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Finding a cure for Finn

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3.5 from 2 votes
Monday, September 25, 2017

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For Allison and Jonathon Muedder, the hardest part about learning their 3-year-old son, Finn, had Hunter Syndrome was the fact that there wasn't a good treatment and, even worse, there wasn't a cure.

"We often say we felt like we were given a death sentence," Allison Muedder said.

The SouthPark couple is hoping experimental gene therapy can save their son and the estimated 500 other young boys in the U.S. suffering from this rare genetic disease. The only obstacle: $2.5 million to fund the clinical trial.

According to Muedder, boys with Hunter Syndrome are missing an enzyme used to break down cellular waste and when that waste builds up, it leads to progressive damage throughout their bodies. Some never develop speech, while others learn like a typical child then begin losing those skills. They eventually lose the ability to walk, talk and eat. Most do not live to see their teen years.

Every Wednesday, Finn undergoes six hours of enzyme replacement treatment at Levine Children's Hospital, but it just buys him time. What he really needs is a cure and gene therapy could be the answer. Muedder said researchers are in the final stages of developing the first gene therapy clinical trial for Hunter Syndrome, all they need is the money to do so.

"It's as close to a cure we're going to get for these boys," Muedder said. "Funding this trial is Finn's best chance at a normal life and really just a life in general because this disease is terminal."

Project Alive, a nonprofit dedicated to finding a cure for Hunter Syndrome, has already raised more than $500,000 through donations on its GoFundMe page and other fundraising efforts, but there is still a long way to go.

That's why John and Martha Fisichello, owners of Mario's Italian Restaurant, are stepping in to For Allison and Jonathon Muedder, the hardest part about learning their 3-year-old son, Finn, had Hunter Syndrome was the fact that there wasn't a good treatment and, even worse, there wasn't a cure.

"We often say we felt like we were given a death sentence," Allison Muedder said.

The SouthPark couple is hoping experimental gene therapy can save their son and the estimated 500 other young boys in the U.S. suffering from this rare genetic disease. The only obstacle: $2.5 million to fund the clinical trial.

According to Muedder, boys with Hunter Syndrome are missing an enzyme used to break down cellular waste and when that waste builds up, it leads to progressive damage throughout their bodies. Some never develop speech, while others learn like a typical child then begin losing those skills. They eventually lose the ability to walk, talk and eat. Most do not live to see their teen years.

Every Wednesday, Finn undergoes six hours of enzyme replacement treatment at Levine Children's Hospital, but it just buys him time. What he really needs is a cure and gene therapy could be the answer. Muedder said researchers are in the final stages of developing the first gene therapy clinical trial for Hunter Syndrome, all they need is the money to do so.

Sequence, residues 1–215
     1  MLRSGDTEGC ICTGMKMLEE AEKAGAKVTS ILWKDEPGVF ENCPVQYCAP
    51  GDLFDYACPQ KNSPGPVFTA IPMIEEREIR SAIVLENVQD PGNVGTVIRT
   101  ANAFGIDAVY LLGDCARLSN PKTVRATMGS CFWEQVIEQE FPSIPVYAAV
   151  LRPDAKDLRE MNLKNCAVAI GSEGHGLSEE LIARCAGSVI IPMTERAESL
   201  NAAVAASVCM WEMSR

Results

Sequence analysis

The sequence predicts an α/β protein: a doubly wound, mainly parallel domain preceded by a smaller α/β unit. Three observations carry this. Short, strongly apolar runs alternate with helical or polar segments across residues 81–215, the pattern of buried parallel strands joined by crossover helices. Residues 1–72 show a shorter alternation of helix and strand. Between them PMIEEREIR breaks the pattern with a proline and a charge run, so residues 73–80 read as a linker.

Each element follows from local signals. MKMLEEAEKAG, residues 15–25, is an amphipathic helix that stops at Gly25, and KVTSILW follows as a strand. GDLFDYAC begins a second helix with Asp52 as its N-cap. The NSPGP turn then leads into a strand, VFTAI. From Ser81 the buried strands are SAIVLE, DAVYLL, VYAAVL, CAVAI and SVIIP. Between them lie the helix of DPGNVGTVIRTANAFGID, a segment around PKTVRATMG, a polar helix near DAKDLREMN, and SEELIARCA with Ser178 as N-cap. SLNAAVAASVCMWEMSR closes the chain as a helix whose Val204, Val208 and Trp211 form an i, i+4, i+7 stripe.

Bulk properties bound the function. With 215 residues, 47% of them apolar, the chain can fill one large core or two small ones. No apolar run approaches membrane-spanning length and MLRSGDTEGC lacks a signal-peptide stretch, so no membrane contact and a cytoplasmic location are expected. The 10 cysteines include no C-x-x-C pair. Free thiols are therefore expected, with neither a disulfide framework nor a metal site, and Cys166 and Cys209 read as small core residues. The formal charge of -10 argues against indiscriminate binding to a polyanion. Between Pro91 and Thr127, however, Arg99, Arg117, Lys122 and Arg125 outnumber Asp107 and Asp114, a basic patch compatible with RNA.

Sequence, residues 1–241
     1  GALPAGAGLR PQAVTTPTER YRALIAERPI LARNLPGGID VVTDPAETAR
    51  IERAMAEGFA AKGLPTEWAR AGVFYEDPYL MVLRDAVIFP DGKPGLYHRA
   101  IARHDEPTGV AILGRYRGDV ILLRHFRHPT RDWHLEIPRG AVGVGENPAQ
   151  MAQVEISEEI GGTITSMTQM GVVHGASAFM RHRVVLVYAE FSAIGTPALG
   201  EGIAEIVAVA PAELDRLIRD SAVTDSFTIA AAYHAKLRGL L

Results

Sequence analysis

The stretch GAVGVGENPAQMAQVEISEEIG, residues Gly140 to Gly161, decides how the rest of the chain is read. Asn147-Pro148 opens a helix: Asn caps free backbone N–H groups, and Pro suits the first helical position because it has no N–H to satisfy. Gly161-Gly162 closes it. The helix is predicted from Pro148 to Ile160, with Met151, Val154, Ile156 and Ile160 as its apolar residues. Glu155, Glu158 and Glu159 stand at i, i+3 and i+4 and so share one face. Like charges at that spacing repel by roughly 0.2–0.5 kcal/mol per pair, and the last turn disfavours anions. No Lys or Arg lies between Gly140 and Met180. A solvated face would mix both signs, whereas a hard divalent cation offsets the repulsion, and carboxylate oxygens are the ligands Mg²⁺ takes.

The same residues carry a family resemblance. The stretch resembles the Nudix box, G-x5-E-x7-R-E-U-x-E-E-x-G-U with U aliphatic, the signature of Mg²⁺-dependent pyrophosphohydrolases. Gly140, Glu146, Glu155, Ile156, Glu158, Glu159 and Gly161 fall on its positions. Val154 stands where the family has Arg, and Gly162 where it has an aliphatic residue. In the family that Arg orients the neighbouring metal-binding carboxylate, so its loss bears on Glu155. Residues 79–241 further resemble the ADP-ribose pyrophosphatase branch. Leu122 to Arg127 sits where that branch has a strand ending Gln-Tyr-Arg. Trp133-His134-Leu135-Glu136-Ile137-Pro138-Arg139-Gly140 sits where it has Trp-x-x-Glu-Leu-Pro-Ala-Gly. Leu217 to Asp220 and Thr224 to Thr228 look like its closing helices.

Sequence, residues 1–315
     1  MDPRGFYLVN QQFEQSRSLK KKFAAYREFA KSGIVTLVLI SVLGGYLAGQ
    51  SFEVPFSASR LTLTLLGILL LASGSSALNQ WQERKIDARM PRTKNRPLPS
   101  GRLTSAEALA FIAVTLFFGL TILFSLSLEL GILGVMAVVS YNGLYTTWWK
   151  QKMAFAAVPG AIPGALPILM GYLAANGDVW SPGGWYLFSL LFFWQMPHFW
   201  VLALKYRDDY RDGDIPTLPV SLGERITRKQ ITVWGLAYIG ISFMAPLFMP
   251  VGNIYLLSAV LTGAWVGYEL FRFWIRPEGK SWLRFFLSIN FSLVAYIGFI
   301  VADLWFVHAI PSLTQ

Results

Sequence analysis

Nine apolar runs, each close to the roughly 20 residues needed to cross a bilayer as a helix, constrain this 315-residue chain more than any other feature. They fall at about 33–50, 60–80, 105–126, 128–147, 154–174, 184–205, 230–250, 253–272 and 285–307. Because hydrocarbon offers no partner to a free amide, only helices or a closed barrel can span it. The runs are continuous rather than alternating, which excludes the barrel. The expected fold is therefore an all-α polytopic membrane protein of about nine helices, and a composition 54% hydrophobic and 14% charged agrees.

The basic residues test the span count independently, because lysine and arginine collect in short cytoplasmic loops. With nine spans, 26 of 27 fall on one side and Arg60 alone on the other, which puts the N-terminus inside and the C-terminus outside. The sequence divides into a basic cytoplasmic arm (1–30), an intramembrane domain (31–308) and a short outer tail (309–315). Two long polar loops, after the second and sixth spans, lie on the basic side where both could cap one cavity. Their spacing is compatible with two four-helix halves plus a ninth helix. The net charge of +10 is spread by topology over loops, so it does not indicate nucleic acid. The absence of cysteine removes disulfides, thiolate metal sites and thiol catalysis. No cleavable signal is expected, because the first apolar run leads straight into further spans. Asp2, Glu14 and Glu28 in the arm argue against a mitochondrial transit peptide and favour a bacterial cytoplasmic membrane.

"It's as close to a cure we're going to get for these boys," Muedder said. "Funding this trial is Finn's best chance at a normal life and really just a life in general because this disease is terminal."

Project Alive, a nonprofit dedicated to finding a cure for Hunter Syndrome, has already raised more than $500,000 through donations on its GoFundMe page and other fundraising efforts, but there is still a long way to go.

That's why John and Martha Fisichello, owners of Mario's Italian Restaurant, are stepping in to help. They're hosting a fundraiser on Oct. 14 from 11 a.m. to 11 p.m. at the restaurant, located at 2945 Matthews Weddington Road in Matthews, with proceeds going to Project Alive. There will be music, food, a bounce house, corn hole tournament, kids hockey, a silent auction and a raffle. King of Pops and Queen City Pretzel Factory will also be there.

The Fisichellos are longtime family friends of Allison Muedder, who once worked at Mario's along with her mother. They said they were devastated to hear about Finn's diagnosis and felt obligated to do something.

"Finn is so cute. He's such an adorable and lively little boy," Martha Fisichello said. "We've seen Allison grow up, so to see her have a family of her own and to have this happen to her family ... it's heartbreaking."

"Day to day, we all have challenges in our life, but when you see something like this, you realize you don't have any problems," John Fisichello added.

The couple has been sending the Muedders food from their restaurant every Wednesday, but thought a fundraiser would be the best way to build awareness about Hunter Syndrome and raise the money to find a cure.

"The more exposure we get, the more people we touch," John Fisichello said. "I mean, we are looking to find the person who knows a person and all of a sudden it's funded and that kind of thing doesn't happen when it's kept a secret."

Allison Muedder said she's grateful the Fisichellos are looking out for her family.

"It's just a sweet story of community and growing up together," she said. "It's super humbling to have people who are so willing to enter into our story and raise money and save Finn."

Visit wwww.projectalive.org to learn more about Hunter Syndrome. Visit www.gofund me.com/projectalive to donate.

Author: Karie Simmons
Source: The Charlotte Weekly
3.5
3.5 from 2 votes
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